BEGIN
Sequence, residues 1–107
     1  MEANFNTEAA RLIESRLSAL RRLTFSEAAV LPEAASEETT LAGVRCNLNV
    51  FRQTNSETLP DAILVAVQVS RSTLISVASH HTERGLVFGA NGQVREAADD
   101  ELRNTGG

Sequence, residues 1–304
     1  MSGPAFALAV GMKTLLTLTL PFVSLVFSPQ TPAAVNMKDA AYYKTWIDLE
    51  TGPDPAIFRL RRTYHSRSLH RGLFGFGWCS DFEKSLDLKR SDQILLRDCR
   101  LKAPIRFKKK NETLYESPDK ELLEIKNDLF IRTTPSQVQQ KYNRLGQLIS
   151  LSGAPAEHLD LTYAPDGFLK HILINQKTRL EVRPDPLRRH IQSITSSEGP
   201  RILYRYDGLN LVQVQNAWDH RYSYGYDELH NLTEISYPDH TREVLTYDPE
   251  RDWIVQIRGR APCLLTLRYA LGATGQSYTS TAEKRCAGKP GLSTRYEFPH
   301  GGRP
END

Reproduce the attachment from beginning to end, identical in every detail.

Sequence, residues 1–107
     1  MEANFNTEAA RLIESRLSAL RRLTFSEAAV LPEAASEETT LAGVRCNLNV
    51  FRQTNSETLP DAILVAVQVS RSTLISVASH HTERGLVFGA NGQVREAADD
   101  ELRNTGG

Sequence, residues 1–304
     1  MSGPAFALAV GMKTLLTLTL PFVSLVFSPQ TPAAVNMKDA AYYKTWIDLE
    51  TGPDPAIFRL RRTYHSRSLH RGLFGFGWCS DFEKSLDLKR SDQILLRDCR
   101  LKAPIRFKKK NETLYESPDK ELLEIKNDLF IRTTPSQVQQ KYNRLGQLIS
   151  LSGAPAEHLD LTYAPDGFLK HILINQKTRL EVRPDPLRRH IQSITSSEGP
   201  RILYRYDGLN LVQVQNAWDH RYSYGYDELH NLTEISYPDH TREVLTYDPE
   251  RDWIVQIRGR APCLLTLRYA LGATGQSYTS TAEKRCAGKP GLSTRYEFPH
   301  GGRP